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Is your risk management a source of risk?

February 2, 2012

A few weeks ago, I was asked by an IACCM member company to review their approach to assessing contract risk. It was a sell-side organization and I discovered a fairly standard listing of the risk factors that they assessed when dealing with their customers.

Like many companies, this organization was finding it increasingly hard to sell on their terms. So they had developed a standard check-list of the contract provisions that needed review. The content will come as no surprise to any of us – it had several categories of liability, indemnities, warranty clauses, performance undertakings, IP rights, liquidated damages, governing law …. in other words, all the things that could represent risk when things went wrong.

Not surprisingly, the contracts group was struggling to make much impression. Armed with this list, every negotiation became confrontational and a battle over risk allocations. Contract closures were delayed. There were frequent internal escalations because almost every situation resulted in a risk profile that was outside company standards. Senior management was becoming increasingly frustrated and saw contracts (and by extension the contracts department) as a problem.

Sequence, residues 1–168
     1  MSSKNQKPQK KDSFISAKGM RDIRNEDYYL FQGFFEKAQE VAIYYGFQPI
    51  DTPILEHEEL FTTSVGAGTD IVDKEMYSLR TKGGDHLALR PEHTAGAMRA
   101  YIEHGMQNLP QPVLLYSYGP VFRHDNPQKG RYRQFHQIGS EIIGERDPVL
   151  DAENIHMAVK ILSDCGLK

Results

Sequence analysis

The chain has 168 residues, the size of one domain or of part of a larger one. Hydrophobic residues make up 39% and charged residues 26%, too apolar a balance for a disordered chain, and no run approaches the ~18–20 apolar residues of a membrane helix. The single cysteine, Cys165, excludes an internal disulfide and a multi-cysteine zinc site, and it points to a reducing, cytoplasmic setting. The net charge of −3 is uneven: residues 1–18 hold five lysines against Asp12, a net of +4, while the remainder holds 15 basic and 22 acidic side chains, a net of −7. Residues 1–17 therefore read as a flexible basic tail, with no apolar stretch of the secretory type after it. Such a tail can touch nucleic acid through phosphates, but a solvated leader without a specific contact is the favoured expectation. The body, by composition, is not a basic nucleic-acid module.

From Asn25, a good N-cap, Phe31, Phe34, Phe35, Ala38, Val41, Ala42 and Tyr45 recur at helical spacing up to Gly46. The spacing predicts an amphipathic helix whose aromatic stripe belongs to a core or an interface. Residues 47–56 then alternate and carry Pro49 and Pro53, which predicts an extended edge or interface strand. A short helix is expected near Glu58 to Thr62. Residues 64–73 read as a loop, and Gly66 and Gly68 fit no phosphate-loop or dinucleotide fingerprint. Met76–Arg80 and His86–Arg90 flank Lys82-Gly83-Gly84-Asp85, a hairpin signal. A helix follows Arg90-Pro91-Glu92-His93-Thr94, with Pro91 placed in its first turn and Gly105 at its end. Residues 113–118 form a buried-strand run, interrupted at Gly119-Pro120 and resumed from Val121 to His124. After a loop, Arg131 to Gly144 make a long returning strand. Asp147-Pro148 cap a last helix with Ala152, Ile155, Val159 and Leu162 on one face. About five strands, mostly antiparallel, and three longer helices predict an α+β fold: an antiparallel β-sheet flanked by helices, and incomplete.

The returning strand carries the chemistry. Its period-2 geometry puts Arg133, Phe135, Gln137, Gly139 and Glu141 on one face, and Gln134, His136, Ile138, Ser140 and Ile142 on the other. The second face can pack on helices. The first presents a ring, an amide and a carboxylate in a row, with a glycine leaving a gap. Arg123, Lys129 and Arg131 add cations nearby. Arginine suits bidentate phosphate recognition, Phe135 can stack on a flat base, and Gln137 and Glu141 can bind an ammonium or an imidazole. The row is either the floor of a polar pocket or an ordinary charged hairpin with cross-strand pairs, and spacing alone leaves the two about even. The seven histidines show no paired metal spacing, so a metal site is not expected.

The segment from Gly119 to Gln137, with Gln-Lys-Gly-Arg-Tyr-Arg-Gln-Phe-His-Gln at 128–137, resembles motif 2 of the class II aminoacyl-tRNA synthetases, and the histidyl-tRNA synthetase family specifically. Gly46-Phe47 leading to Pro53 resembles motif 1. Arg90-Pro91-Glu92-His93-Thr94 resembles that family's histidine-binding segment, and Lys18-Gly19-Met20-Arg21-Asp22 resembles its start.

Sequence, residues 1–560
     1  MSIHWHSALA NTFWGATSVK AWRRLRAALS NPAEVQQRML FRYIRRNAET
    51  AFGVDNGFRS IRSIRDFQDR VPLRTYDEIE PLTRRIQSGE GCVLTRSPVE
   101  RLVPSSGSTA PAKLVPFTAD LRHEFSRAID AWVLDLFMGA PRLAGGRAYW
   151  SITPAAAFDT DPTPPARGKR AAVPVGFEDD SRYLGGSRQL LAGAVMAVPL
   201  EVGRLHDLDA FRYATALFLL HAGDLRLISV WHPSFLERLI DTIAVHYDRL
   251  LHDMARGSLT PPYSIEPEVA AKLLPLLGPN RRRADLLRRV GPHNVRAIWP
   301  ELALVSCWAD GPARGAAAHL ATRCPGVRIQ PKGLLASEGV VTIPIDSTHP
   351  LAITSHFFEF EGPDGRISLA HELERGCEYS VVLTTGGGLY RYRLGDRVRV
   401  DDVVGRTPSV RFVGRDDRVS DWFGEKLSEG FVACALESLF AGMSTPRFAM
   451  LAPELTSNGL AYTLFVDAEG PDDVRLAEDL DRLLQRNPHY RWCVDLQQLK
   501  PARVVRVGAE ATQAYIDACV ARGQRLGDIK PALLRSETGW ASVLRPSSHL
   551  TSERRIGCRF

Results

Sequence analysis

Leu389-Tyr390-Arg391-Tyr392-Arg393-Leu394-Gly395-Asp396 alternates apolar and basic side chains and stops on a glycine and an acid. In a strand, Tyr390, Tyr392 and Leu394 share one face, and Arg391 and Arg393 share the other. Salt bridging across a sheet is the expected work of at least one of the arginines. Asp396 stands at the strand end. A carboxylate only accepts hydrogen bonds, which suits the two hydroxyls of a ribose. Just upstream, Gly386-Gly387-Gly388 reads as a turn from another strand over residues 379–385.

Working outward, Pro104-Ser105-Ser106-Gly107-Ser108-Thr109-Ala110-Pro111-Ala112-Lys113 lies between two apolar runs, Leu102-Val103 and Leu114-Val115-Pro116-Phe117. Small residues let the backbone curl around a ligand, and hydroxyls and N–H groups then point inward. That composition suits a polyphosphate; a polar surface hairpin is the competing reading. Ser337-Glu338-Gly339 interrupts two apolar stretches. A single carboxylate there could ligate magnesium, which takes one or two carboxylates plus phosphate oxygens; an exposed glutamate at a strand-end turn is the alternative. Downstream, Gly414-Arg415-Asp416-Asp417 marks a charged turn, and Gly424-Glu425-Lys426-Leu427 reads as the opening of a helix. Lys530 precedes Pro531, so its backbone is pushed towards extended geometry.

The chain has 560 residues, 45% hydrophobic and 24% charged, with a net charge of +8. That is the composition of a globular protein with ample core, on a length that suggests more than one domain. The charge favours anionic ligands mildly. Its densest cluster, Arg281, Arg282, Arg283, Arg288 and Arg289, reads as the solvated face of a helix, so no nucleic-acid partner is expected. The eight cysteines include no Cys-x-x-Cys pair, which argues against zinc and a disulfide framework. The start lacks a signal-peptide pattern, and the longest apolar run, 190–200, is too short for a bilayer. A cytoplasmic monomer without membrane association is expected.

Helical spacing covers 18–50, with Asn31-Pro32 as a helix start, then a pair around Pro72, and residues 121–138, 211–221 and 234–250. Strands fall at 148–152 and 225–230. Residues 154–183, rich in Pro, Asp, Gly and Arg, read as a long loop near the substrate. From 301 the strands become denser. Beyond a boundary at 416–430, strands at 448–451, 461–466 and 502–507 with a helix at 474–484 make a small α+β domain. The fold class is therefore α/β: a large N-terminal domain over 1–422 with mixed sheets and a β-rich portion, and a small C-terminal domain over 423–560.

The issue in my opinion was that risk was being viewed far too narrowly and the consequence was an overall increase in risk – risks of lost business, of increased chances of failed projects, not to mention risk to internal relationships and the future of the contracts team! So we spent time expanding the risk list and thinking about a range of contract terms that often don’t make it onto the typical risk list. These included things like ‘Requirements definition’ and ‘Documented scope’. We added ‘Client resources’, ‘Sources of funding’, ‘Cash flow’ and ‘Performance reviews’. And within these – and a host of other areas – we wrote down what standards need to be achieved to reduce the risk of contract failure. For example, lack of clear requirements is a massive risk, as is an unwillingness to ensure a properly documented scope, with mutually agreed procedures for change. If the customer is not willing to commit resources for on-going implementation or management, we have another factor that makes a positive outcome unlikely.

These additions have led to new conversations, dealing with value and how each party will contribute to success. They are topics that executives understand and can perceive a new level of value-add from the contracts team.

Ironically, our perspectives towards risky terms today often lead to the sources of risk being ignored. We become so fixated on the downstream consequences of things going wrong that we increase the likelihood that they will. It is rather like worrying about the insurance policy on our car, but never bothering to check its mechanical condition.

How good is your risk assessment? Are you managing risks or are you just dealing with limiting their consequences?

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